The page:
On Thursday, February 23, 2017, the United States Court of Appeals for the Federal Circuit granted a mandamus petition filed by Google and ordered a Texas federal court to transfer a patent infringement case to a federal court that covers Silicon Valley as requested by Google. See In re: Google Inc. This extraordinary remedy was delivered in the form of a non-precedential opinion authored by Chief Judge Prost and joined by Judge Lourie. Despite the Federal Circuit’s designation of the decision as non-precedential the Court should be prepared for the onslaught of mandamus petitions that will now be filed given that they have shown a willingness to step in and re-weigh transfer factors de novo.
This petition for writ of mandamus arose out of a patent infringement suit brought by Eolas Technologies, Inc. against Google and various other defendants involving U.S. Patent No. 9,195,507. On the day this lawsuit was filed against Google, Eolas also filed two related suits in the same district, accusing various Walmart and Amazon entities of infringement. The Walmart and Amazon entities, like Google, sought transfer to the Northern District of California under 28 U.S.C. § 1404(a) for convenience. Weighing the relevant transfer factors, the district court concluded that the Northern District of California was not clearly a more convenient forum than the Eastern District of Texas.
According to Chief Judge Prost, the Eastern District of Texas committed clear error by denying Google’s motion for several reasons.
First, the district court’s determination was largely based on judicial economy with all three lawsuits being filed in the Eastern District of Texas. This rubbed the Federal Circuit the wrong way because “the mere co-pendency of related suits in a particular district would automatically tip the balance in non-movant’s favor regardless of the existence of co-pending transfer motions and their underlying merits.” The Federal Circuit also did not buy the district court’s statement about institutional knowledge supporting a denial of transfer since the original judge hearing previous cases had retired. Although not directly stated, it seems relatively clear that the Federal Circuit just felt that the Northern District of California could have been as appropriate a choice as the Eastern District of Texas.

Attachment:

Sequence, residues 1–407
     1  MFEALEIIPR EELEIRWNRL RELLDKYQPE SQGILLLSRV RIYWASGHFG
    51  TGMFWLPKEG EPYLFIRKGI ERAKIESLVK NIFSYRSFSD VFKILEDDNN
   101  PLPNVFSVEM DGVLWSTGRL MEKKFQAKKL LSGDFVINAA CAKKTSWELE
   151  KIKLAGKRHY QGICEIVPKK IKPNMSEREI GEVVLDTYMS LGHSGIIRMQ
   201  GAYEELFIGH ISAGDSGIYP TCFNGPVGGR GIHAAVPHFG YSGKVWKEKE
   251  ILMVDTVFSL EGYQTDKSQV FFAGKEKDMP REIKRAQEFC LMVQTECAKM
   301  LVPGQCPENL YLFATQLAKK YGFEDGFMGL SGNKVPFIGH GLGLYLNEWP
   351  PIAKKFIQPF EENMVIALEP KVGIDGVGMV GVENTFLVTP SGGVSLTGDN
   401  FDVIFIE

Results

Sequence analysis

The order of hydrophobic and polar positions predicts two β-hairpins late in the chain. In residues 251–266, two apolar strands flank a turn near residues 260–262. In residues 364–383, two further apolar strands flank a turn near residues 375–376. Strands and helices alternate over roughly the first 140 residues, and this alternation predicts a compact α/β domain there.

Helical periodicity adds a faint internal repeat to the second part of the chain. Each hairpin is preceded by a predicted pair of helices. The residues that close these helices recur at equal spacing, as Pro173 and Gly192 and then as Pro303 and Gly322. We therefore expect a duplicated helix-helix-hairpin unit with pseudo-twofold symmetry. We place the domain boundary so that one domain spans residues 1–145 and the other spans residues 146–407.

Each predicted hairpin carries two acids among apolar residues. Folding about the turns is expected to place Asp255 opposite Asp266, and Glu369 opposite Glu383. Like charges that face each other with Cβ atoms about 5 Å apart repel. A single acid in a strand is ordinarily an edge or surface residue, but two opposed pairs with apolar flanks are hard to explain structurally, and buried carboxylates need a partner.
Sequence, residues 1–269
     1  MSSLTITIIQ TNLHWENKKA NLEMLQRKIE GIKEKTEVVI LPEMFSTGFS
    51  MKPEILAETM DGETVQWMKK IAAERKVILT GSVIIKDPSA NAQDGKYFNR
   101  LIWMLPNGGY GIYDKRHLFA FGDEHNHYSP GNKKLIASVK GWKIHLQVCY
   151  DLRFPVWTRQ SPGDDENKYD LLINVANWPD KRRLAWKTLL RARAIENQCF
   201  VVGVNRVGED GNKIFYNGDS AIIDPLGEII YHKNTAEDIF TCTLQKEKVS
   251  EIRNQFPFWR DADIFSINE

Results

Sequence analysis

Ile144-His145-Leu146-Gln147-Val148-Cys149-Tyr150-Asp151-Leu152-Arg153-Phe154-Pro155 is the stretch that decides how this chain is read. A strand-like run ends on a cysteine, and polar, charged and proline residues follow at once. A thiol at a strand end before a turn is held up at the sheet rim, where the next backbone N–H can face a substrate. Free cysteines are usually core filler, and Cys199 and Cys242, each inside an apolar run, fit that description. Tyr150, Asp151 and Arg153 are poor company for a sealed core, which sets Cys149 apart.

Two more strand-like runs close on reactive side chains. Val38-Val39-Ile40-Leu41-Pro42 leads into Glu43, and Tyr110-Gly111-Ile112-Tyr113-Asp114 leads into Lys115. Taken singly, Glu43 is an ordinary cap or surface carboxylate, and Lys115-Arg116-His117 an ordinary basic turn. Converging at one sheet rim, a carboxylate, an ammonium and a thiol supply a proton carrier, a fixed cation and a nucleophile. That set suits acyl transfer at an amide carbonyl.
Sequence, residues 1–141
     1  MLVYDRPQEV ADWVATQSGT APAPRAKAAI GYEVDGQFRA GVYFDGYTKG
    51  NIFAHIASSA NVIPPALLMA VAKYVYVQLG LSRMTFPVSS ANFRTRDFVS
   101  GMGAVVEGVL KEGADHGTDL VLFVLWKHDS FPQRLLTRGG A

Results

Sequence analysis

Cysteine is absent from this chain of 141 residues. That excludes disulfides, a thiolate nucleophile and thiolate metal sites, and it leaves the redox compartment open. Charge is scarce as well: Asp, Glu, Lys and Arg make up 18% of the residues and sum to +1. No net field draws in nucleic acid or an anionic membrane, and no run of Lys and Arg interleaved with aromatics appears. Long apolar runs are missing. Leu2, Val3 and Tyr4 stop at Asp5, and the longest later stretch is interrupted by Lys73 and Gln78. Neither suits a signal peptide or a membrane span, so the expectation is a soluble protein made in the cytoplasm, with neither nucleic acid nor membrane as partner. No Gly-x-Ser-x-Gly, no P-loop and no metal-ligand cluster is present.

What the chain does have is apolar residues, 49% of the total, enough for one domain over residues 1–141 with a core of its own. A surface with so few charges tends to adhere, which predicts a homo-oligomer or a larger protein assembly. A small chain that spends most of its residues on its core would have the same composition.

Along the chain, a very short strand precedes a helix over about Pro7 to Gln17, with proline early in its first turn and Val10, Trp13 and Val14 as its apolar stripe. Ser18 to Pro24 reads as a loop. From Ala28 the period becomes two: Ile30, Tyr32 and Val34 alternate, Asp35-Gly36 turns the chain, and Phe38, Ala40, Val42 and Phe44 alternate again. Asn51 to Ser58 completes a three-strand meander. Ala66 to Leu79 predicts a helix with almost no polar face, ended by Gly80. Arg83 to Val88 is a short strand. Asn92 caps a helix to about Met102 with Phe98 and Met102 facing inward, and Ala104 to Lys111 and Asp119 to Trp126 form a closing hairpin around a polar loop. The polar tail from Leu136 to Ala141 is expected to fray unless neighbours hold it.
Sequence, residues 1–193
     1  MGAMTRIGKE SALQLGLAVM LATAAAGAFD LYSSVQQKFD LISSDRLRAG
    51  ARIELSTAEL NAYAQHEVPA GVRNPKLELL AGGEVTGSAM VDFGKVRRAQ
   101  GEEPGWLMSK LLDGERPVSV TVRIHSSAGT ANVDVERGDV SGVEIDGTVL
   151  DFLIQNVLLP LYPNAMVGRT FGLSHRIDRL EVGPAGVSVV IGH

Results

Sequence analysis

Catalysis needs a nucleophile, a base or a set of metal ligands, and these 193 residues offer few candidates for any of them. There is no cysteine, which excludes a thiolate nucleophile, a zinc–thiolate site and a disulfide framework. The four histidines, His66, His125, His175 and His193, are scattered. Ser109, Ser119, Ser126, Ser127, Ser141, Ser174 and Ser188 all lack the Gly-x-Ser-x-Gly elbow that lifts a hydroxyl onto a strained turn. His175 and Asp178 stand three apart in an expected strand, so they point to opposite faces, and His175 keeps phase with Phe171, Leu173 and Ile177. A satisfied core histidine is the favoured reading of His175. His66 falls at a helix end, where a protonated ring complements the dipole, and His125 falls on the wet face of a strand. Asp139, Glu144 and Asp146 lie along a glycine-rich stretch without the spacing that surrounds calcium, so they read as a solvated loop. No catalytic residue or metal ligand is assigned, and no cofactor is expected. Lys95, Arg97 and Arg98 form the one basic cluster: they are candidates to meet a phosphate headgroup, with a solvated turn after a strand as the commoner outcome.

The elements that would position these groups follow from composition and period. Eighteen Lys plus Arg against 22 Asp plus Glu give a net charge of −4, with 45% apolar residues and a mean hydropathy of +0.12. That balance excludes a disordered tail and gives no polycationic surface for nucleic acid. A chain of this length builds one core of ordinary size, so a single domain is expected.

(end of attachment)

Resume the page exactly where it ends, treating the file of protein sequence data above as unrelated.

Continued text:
Second, the district court identified the location of sources of proof as a factor that weighed in favor of Google by a “slight” margin. Because a significant number of Google employees reside in the Northern District of California and only a single employee of Eolas resides in the Eastern District of Texas, Chief Judge Prost disagreed that this factor favored Google only slightly. She explained, “the evidence overwhelmingly supports a conclusion that this factor weights strongly in Google’s favor.”
Ultimately, the Federal Circuit ruled, “it was a clear abuse of discretion for the district court to conclude that the Northern District of California is not clearly the more convenient forum.”
Judge Linn dissented and not surprisingly I agree with his dissent. Judge Linn essentially points out that the majority paid little more than lip service to the extraordinarily high standard that faces a mandamus petitioner. Judge Linn wrote:
As even the majority has recognized, “the mandamus standard does not give us license to substitute our own judgment for that of a district court. To the contrary, we must accord it substantial deference under this exacting standard.” Majority opinion at 7. In this case, the majority would give the convenience factors more consideration and would discount potential judicial economy from co- pending litigations. The majority does not dispute, however, that the district court considered all of the relevant factors. At best, the majority believes the district court should have weighed these factors differently. Such reweighing, however, is not the task before the court on mandamus review.
Judge Linn would go on to conclude that in his opinion Google had not shown that the “district court’s ruling was a clear abuse of its considerable discretion or that the ruling produced the patently erroneous result necessary to warrant issuance of a writ of mandamus.” Judge Linn is, of course, correct.
I suspect if I were a district court judge I probably would have ordered a transfer, but our patent judicial system is playing fast and loose with far too many procedural rules any more. The fact that I would have decided this case differently doesn’t change the fact that the mandamus standard is extraordinarily high for a reason. There are times when it should be used, but this is not one of those times. Chief Judge Prost has not shown anything other than a disagreement with the district court and that is simply not a sufficient threshold to warrant a mandamus order.
There can be little serious debate. Whether you like the outcome of this case or not, everyone has to agree that the Federal Circuit has stepped out of its designated lane. This will encourage the filing of hundreds, perhaps many hundreds, of mandamus petitions, and it should. Now that the Federal Circuit has shown a willingness to second guess district court judges and use mandamus powers like this it would be practically malpractice not to ask file a petition for mandamus in ever denied transfer case. Petitions for mandamus should probably be considered whenever a district court makes an unfavorable procedural ruling.
The Federal Circuit goes out of their way to insert themselves in areas where appellate courts ought not to operate and yet they seem to have no problem with more than 50% of their docket now being one-word judgments that simply say “Affirmed.” Between the egregious abuse of Rule 36 (see here, here, here and here) and second guessing district courts with extraordinary writs some very difficult questions must be asked about the Federal Circuit moving forward.